Colby Powell: Xander Schauffele. The No. 10 player in the world comes into the week on the heels of only his second top-five finish (in an individual event) this season, but he failed to make the cut at the two biggest events of the year, The Players Championship and the Masters. In five career starts at the PGA Championship, Schauffele has just one top-15 finish and two missed cuts.

Tiger will contend, make cut or MC:

Rex Hoggard: Make the cut. The ’07 champion at Southern Hills will make the cut but it will be a challenge. Unlike the Masters, where he faced a limited field that included a sprinkling of past-their-prime former champions and amateurs, the depth of the PGA Championship field will demand more from his surgically repaired right leg, but he delivers.

Ryan Lavner: Make the cut. Southern Hills isn’t Oklahoma farmland, but it’s also not as grueling of a trek as Augusta National. That’ll help keep him from wearing down. Stronger, fitter and sharper, Woods should still be able to make the cut against the best major field of the year – but at the same time, it’s hard to see him keeping pace for 72 holes with so many top players currently in-form. Somewhere in the top 30-45 feels about right.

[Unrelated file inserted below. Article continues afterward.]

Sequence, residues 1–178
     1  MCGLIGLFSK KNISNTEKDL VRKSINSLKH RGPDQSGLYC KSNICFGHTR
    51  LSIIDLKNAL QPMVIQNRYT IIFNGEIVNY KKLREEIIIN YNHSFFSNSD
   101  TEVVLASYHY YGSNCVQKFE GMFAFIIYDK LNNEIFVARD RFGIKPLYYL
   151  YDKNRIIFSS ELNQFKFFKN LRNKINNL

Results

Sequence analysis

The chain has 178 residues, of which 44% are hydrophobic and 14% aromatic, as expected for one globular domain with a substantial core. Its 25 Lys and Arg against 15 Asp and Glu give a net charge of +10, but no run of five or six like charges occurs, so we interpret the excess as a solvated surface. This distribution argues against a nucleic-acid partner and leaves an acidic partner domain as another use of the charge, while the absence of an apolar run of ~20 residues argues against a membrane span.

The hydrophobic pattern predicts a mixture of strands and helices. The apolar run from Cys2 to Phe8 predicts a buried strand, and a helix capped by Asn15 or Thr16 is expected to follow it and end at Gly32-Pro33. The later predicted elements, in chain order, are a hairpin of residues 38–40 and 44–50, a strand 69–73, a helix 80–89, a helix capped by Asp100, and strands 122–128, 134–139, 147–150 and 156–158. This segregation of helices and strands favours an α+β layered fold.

Colby Powell: Make cut. Woods contending heading into the weekend wouldn’t come as a surprise, but it’s hard to see him maintaining that level of play for four days just six weeks after he faded in rounds three and four at the Masters. He sounds more confident in his body than he did at Augusta National, and he has fond memories of his 2007 PGA Championship victory at Southern Hills, so something around T-30 feels right as Woods continues to regain both his strength and his game.